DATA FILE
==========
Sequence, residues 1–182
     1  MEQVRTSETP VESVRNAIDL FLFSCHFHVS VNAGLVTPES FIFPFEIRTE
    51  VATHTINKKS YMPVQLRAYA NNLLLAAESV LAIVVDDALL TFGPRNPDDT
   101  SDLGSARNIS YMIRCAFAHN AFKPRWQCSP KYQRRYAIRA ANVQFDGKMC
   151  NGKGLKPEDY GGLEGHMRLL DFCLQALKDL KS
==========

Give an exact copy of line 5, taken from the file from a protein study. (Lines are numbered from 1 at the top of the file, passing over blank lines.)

   151  NGKGLKPEDY GGLEGHMRLL DFCLQALKDL KS